Yes.
 
  • #10
Drakkith
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How will the magnets reach a maximum distance between each other when the blade is centered and confined within a circle. The distance will be equal all the way around wouldn't it
I think he means the distance between the poles. When one of your blades is in the middle of two poles of the magnets in the circle they will be at maximum distance from them.
(Imagine the minute hand on a clock as your blade and the poles of the magnets being the numbers. It would stop in the middle of two of the numbers.)
 
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Is there a way to post a document or design on here, I feel like it would be easier to explain my idea better
 
  • #12
Drakkith
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Is there a way to post a document or design on here, I feel like it would be easier to explain my idea better
When you hit the "New Reply" button, there are options above the text box for attaching things. The paperclip button will do attachments of documents.
 
  • #13
DaveC426913
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Is there a way to post a document or design on here, I feel like it would be easier to explain my idea better
You certainly can, but I feel it is important to point out that we get your idea. There's no confusion.

You are not the first person to suggest the use of permanent magnets as a source of work. Regardless of the details of your particular setup, it is flawed in principle. What you are trying build - though you do not realize it yet - is a perpetual motion machine.

And discussion of PPMs is explicitly forbidden here on PF.

We'd like to help you learn but this thread will not last long on its current course.
 
  • #14
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Picture a circle lined with magnets all facing negatively inward. In the center is a blade with parallel edges, much like a propellor of a lawn mower. At those edges, you place magnets facing negatively outward.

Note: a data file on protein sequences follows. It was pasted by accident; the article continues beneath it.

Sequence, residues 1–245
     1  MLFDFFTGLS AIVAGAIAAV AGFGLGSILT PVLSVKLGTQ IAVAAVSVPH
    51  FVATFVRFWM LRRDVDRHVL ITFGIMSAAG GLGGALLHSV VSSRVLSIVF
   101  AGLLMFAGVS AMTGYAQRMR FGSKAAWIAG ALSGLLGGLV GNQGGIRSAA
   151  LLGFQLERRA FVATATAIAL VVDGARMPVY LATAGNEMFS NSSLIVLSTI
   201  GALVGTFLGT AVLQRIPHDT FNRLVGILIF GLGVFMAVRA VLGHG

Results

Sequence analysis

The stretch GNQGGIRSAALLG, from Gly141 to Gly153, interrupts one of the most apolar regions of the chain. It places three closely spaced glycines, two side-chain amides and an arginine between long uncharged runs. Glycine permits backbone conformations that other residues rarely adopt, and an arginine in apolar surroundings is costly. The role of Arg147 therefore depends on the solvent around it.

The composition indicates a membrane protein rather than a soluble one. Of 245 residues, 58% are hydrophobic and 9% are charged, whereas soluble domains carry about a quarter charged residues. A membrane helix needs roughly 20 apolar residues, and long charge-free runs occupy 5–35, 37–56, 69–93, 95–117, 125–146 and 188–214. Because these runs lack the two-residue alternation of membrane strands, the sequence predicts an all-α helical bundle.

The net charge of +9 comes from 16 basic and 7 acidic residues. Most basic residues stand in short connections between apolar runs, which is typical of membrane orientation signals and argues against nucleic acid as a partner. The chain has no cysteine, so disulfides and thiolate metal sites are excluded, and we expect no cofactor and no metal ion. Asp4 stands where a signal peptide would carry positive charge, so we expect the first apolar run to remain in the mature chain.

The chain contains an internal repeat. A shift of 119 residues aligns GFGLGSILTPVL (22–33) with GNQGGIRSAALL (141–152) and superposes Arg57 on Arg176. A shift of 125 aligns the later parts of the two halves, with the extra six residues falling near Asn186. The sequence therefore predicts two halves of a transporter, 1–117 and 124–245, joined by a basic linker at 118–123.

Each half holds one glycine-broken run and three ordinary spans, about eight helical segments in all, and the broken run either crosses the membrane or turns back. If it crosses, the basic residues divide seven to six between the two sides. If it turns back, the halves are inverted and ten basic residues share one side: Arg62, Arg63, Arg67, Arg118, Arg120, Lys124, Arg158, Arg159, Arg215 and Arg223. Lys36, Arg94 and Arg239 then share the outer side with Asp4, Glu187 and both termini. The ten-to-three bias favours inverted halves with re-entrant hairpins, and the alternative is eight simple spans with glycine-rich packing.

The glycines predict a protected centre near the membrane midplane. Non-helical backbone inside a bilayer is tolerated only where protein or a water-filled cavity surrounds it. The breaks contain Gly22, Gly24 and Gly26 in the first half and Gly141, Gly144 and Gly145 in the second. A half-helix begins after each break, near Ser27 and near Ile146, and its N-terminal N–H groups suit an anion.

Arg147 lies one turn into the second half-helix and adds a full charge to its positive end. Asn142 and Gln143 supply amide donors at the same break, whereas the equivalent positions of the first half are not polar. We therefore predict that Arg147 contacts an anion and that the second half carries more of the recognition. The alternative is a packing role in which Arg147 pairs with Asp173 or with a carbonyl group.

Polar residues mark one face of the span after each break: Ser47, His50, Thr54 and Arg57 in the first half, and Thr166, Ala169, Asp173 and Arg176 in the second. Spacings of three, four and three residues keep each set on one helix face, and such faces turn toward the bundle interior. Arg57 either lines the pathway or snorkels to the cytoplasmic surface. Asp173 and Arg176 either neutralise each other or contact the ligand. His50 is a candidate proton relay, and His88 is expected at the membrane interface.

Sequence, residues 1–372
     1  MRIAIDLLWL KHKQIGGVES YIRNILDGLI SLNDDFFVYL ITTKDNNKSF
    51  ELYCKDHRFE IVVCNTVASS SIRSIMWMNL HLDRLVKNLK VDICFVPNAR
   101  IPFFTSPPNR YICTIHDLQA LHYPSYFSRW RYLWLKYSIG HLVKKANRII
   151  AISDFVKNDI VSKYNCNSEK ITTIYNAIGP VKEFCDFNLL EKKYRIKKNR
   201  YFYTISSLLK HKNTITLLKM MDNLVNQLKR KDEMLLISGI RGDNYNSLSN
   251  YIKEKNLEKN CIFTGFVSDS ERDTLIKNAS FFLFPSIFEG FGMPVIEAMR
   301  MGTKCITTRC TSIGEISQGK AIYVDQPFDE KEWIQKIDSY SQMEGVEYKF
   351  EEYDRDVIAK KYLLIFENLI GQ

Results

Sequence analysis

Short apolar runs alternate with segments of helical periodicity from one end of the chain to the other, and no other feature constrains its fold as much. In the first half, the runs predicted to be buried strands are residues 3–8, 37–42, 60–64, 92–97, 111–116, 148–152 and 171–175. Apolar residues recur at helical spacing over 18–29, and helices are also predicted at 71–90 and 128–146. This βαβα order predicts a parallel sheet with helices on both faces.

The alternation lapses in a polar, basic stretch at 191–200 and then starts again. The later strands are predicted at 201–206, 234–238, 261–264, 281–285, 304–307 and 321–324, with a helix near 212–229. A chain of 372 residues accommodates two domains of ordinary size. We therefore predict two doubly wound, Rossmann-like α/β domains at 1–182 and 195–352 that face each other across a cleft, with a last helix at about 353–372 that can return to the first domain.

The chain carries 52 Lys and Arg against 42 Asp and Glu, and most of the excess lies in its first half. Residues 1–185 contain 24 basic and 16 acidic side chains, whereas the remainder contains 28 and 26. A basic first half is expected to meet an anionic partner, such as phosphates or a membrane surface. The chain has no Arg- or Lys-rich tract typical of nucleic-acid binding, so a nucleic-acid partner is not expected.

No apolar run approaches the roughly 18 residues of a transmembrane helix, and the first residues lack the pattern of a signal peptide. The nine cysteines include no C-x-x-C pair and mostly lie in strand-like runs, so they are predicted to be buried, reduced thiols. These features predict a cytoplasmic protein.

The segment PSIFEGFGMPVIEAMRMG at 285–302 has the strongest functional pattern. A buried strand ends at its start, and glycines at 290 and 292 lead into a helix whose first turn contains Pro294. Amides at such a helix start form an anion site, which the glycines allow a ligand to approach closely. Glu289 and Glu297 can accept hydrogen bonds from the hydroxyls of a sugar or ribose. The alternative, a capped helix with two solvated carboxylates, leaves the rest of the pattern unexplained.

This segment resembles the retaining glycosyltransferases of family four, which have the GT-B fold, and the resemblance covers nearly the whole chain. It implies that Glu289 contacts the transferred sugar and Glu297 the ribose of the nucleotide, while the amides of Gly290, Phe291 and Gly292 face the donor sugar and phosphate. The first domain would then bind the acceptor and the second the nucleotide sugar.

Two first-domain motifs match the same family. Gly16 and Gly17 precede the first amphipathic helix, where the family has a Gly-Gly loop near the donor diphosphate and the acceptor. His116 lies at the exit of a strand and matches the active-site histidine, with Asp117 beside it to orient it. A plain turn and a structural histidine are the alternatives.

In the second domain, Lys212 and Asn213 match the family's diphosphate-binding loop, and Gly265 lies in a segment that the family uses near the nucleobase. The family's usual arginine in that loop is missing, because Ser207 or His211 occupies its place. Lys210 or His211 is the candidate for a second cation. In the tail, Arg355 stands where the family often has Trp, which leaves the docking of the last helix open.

Question: if this circle and blade are aligned on the same plane would the blade spin dependent on the angle of the outward pushing magnets, and if so for how long?
It's easy to suppose that if the outward pushing magnets, the ones attached to the blade, are only tilted the right amount you will get a force tangential to the circle at any point you choose, a force that should, you think, keep the blade moving.

In fact, though, if the outer magnets form any kind of uniform field, there is no way to orient the inner magnets attached to the rotating blade so that they feel any net force one way or the other.

Suppose all the outer magnets are oriented with their north poles facing inward. And suppose the magnets on the blades are oriented with their north poles facing outward. The blade magnets have no incentive to move from one repulsion into an equal repulsion. You could repel them into a weaker north pole, for whatever that gets you; you could repel them into an area of no north repulsion (i.e. a place where there's no magnet), and you could most easily repel them into any place into which it's also attracted by a south pole. But they won't move by themselves into an area equal in repulsion to the one they're already in.

Now suppose the blade magnets are all south poles. You have the same problem in so far as they are not attracted to any north pole down the line any more than they are attracted to the one they're already facing. No motion.

Now, and this is what I suspect you think will work, suppose you put the magnets on the blade sideways so that just as much north pole is exposed to the outer ring as south pole. Shouldn't that create repulsion at the north pole and attraction at the south pole such that the blade will start to rotate and will rotate so long as the magnets last? Unfortunately the repulsion and attraction don't act in the direction you want them to. The north poles will repel straight inward, toward the center, and the south poles will attract straight outward, from the center. You'll have radial forces instead of the tangential forces that would make the blade move. There's no way to arrange the inner magnets to get the disproportional (unbalanced) force you want in the direction you want it.